Ruby accelerated integration of the Seafair Queen contest by cajoling the committee to expand minority participation. She lobbied a Pacific Northwest Bell executive, a regular restaurant customer, to hire operators of color at the heretofore mostly white monopoly. She pressed local governments and schools to add people of color to their boards and commissions, all without fanfare or expectation of payback. For her civic efforts, Ruby received a prestigious Matrix Table Award in 1956, the first of many acknowledgments of her public service.
Ruby also gathered some like-minded citizens to form the Chinese Parents Service Organization (CPSO), to raise funds for the drill team and other public services. These “Young Turks” (in the words of historian/journalist Doug Chin) also took on the tongs (Chinese fraternal societies) and family associations that ran the Seattle chapter of Chong Wa, headquartered on Taiwan. In 1957, Ruby Chow was elected to the Washington (Seattle) Chong Wa board, the first woman in the world to sit on a Chong Wa governing board. In 1975, she became the first woman in the world elected president of a Chong Wa chapter.
Upsetting the Status Quo
It was not easy. According to Douglas Eglington, once Ruby Chow’s administrative assistant and now a King County policy analyst, “There was always the fact that she was a woman in the culture, which caused a lot of friction. There were some generational issues, the dynamic tension between the Taiwan people and mainland people, language things -- she had to navigate all of that” (Eglington).
Ruby also was active in the "Asian political renaissance," (Lau) before running for office herself. When Wing Luke (1925-1965) ran for a Seattle City Council in 1962, Chong Wa rejected his request for support, claiming political neutrality. So he turned to Ruby, who encouraged Chinese restaurants and a fortune-cookie factory to distribute cookies stuffed with Confucian-like aphorisms from Wing Luke. Luke became the first Asian American elected to a major political office in the continental United States. When Luke ran, according to Cheryl Chow, “Many Chinese were still on green cards and couldn’t vote. [Ruby] said, ‘You can’t vote, but you can give money.’ She was the Ruby Chow money machine” (C. Chow).
Luke was followed by Liem Tuai (1925-2003) on the Seattle City Council, Superior Court Judge Warren Chan (b. 1923), King County Executive and Governor Gary Locke (b. 1950), state Representative Art Wang of Tacoma, Ruby herself, and two of her children, Mark, who was elected a King County District Court Judge, and Cheryl, a two-term Seattle City Councilwoman and Seattle School Board member and president. Other Asians -- Filipino and Filipina, Chinese, and Japanese -- followed. Seattle Times columnist Terry Mcdermott attributed Gary Locke’s success to “Ruby Chow … without whose efforts Locke’s career would have been unthinkable.”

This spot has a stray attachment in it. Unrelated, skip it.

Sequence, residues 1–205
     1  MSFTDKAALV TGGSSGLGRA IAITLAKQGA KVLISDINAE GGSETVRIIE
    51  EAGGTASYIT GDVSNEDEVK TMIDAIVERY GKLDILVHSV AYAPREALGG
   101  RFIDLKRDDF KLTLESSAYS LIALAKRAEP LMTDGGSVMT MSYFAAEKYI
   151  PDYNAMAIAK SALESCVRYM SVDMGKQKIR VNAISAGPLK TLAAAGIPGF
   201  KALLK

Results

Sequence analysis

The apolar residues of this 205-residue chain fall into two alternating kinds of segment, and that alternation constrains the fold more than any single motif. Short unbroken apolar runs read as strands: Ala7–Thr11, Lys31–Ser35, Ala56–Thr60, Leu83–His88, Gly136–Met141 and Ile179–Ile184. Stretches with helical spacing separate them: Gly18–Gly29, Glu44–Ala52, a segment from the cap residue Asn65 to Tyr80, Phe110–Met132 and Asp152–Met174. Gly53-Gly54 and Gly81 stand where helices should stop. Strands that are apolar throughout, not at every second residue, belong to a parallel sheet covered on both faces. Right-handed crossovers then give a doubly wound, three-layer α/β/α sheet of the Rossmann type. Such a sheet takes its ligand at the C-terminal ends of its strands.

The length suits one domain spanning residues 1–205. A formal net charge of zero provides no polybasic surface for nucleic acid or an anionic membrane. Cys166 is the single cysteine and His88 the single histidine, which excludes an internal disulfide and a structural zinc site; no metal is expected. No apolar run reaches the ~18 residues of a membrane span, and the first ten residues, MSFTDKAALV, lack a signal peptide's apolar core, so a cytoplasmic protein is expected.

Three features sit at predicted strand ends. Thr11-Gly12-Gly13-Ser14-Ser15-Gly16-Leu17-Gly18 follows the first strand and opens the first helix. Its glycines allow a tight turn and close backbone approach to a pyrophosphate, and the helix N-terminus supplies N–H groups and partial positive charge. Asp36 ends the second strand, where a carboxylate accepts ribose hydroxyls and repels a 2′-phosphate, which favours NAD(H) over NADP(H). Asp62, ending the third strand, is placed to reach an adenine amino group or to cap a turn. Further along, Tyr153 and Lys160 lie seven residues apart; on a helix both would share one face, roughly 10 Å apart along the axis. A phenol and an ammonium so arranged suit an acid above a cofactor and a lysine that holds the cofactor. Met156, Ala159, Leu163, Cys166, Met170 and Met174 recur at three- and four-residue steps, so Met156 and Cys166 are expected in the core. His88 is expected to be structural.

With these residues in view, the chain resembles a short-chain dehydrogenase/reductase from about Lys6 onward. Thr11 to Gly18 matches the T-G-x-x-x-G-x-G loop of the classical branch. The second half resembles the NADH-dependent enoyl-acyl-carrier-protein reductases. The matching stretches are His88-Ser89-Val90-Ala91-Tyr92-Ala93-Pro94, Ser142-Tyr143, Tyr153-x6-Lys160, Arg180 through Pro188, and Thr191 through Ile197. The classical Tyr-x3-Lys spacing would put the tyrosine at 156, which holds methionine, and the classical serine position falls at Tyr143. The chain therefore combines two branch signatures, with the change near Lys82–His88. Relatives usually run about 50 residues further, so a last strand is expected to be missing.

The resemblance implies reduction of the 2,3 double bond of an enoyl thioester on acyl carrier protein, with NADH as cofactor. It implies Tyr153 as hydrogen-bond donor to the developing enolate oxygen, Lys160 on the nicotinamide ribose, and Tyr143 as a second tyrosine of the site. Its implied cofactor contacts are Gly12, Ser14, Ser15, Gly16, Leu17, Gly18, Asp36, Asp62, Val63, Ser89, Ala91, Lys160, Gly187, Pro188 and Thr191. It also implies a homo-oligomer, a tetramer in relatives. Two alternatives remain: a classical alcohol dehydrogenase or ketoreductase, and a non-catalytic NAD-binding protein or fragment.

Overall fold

If the Chinese community was in tumult during the 1960s, so was Seattle and the country at large. Seattle had its own Vietnam War and civil-rights protests, racial riots, all compounded by the “Boeing bust” of the early 1970s. And Chinese community activism was no longer enough for Ruby. In 1971, King County Executive John Spellman (b. 1926) appointed her to the county Board of Equalization and Appeals. “I had known her,” Spellman said. “She was a leader in the community. I had eaten at her fine establishment, and I knew a lot of people who knew Ruby. She did a good job. I didn’t ask her political party when I appointed her” (Spellman). Former aide Douglas Eglington said, “It was her first brush with government. I think that kind of whetted her appetite.”
Her appetite was further whetted in 1973, when Seattle police raided an illegal Chinese gambling club on Chinese New Year and arrested 75 people, including elderly women and children, on gambling charges. The next day, Ruby visited Seattle Mayor Wes Uhlman (b. 1935) and asked him, "What the hell do you think you’re doing?" (de Luna, Lau). She wondered out loud how Caucasians in a similar situation would be treated. Mayor Uhlman summoned the police chief who told them that the arrested people would just be given a ticket. The children and elderly were released and Ruby Chow collected money to bail out the remaining detainees.
In 1973, her children grown, Ruby decided to run for the King County Council 5th District seat being vacated by Republican John T. O’Brien. The district is a multi-ethnic, rich-to-poor, mostly liberal polyglot, including part of downtown, Chinatown, Japantown, the International District, Capitol Hill, the Central District, Madison Park, Madrona, Beacon Hill, Rainier Valley, and Seward Park. But she was apolitical, unsure about which party she preferred, and made no secret of her doubts, even button-holing Seattle Post-Intelligencer courthouse reporter Charles Dunsire. He pointed out the socio-political makeup of the district and logically suggested “Democrat.” The office of Governor Dan Evans (b. 1925) “sent a campaign worker named Ted Bundy to convince her to go GOP” (Rhodes). (Bundy [1946-1989] turned out to be a serial killer and was executed in Florida in 1989.) Chow later said, “I felt that I belonged in the Democratic Party because it is more people-oriented. I discovered I had been a Democrat all my life and hadn’t realized it” (Estes).